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1) you can do this, but it certainly isn't necessary. Big breweries certainly do not just blow off their krausen and lose all that yeast and beer. Some gunk will just stick to the sides and the rest will drop out of the beer if you just give it a little time.

2) You can do this, but I don't think it is benefitial. The cold break is actually good for yeast health, so getting rid of it isn't a plus. In terms of infection - it really doesn't matter as long as you are practicing good sanitation techniques. If you can sanitize 1 carboy, you can sanitize a second.

There are 2 basic schools of thought on producing clear beer.

1) Do everything you can to keep anything messy out of your beer. Strain every bit of hops. Whirlpool, let settle, rack only clear beer. Skim off gloppy krausen. Rerack beer to a secondary to keep any dead or dormant yeast away.

2) Toss it all in and forget about it. Let it clear naturally via gravity.

Both methods can work just fine. #2 is obviously a whole lot less hassle. Personally, I screen the wort going into the fermenter to get the big gunk out and then let nature do its thing.

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Old 12-18-2012, 02:37 PM   #7
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I totally agree. Old wive's tales & mis-information from brewers on the OG. You need the head space from a 6-6.5 gallon fermenter for all that krausen so it doesn't turn into beersuvious. But a blow off is still a good idea to prevent explosive messes. The krausen will not contaminate the fermenting beer. It's mearly yeast foam esentually. Ale yeasts are top fermenting.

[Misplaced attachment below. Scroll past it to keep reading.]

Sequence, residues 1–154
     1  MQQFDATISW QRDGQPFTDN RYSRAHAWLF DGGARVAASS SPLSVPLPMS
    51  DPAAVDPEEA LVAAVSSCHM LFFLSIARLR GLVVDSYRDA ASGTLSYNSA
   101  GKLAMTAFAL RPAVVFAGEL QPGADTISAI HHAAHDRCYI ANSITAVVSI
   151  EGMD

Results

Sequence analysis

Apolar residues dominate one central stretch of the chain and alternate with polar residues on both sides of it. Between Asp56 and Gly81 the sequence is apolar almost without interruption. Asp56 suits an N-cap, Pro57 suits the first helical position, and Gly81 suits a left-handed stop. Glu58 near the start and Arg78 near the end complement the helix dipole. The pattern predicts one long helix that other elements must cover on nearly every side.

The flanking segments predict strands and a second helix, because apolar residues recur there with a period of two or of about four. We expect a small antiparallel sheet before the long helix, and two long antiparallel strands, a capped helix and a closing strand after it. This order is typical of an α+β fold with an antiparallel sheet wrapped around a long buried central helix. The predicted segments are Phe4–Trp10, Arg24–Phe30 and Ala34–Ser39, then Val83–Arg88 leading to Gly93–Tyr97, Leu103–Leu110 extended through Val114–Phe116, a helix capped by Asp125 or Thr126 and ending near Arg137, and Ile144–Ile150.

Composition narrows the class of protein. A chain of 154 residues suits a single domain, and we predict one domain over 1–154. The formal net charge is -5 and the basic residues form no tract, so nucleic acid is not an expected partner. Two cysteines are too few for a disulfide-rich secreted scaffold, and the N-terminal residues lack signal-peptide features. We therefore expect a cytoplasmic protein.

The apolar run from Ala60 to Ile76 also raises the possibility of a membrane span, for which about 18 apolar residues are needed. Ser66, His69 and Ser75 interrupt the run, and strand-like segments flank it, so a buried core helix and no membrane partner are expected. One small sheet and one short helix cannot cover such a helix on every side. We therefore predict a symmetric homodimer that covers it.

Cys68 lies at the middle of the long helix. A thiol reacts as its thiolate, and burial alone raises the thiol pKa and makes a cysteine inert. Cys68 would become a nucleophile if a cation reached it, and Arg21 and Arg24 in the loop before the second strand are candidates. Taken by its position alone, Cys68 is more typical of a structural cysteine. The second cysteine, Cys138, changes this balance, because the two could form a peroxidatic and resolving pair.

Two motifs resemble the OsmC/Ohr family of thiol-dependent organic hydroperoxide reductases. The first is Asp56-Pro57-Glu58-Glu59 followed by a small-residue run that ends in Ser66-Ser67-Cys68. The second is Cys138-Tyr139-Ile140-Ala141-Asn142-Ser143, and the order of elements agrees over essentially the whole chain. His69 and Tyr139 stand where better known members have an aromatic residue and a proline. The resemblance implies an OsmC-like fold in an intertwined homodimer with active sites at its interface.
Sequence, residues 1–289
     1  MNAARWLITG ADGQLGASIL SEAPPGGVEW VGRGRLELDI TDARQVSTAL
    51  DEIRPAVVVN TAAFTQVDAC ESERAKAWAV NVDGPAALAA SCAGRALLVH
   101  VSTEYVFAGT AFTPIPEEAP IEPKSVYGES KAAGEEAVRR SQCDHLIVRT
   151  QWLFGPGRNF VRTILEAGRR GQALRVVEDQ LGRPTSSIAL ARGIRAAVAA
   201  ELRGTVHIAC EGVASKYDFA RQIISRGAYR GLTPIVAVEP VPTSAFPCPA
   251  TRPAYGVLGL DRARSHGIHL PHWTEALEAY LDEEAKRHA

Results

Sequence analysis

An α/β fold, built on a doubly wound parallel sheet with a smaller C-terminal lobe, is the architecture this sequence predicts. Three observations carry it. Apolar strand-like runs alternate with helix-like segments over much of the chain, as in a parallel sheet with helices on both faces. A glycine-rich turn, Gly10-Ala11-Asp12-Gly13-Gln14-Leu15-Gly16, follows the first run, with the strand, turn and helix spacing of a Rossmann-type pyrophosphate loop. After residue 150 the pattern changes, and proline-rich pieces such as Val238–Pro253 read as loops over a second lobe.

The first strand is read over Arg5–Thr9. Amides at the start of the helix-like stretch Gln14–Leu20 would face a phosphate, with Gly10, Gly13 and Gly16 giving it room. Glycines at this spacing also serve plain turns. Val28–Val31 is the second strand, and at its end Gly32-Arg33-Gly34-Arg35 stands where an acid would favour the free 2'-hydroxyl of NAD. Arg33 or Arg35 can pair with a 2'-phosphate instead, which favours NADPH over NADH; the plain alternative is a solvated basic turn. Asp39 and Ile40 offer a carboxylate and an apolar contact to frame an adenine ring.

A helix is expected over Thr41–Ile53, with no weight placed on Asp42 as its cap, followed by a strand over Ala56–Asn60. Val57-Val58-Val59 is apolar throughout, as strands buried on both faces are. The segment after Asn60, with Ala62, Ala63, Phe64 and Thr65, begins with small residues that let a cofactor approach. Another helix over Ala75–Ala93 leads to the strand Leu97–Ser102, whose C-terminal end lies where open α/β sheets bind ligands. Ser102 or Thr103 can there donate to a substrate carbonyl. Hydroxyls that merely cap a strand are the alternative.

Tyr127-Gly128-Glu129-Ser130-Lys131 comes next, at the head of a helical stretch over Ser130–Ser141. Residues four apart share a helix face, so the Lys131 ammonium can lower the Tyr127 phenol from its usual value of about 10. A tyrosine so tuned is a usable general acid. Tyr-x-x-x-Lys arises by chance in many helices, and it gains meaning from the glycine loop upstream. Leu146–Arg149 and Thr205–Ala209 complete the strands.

It's def not better to let it sit,& racking again before pitching. That's a leftover from the old days of poorer yeast quality & the autlysis boogieman.
Just chill your wort,transfer to FV with top off water through a fine mesh strainer & aerate like crazy. Stir roughly to mix well & aerate a little more. Take hydrometer sample,then pitch yeast & seal it up. It'll be fine.
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Old 12-18-2012, 02:40 PM   #8
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i think the term i would use for both of those is "horse flop", but i don't know if that's allowed in the forum

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Old 12-18-2012, 02:45 PM   #9
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Thanks guys,
Sounds like I got some incorrect info. So, now I have two 5 gallon carboys, and a 6.5-ish gallon bucket. I guess the two 5 gallon carboys aren't a complete waste though, since I can still use them for a secondary, right? Should I go buy a 6.5 gallon carboy as a primary fermentor, or will my bucket work just fine?

Thanks again

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Old 12-18-2012, 02:46 PM   #10
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Buckets work just fine.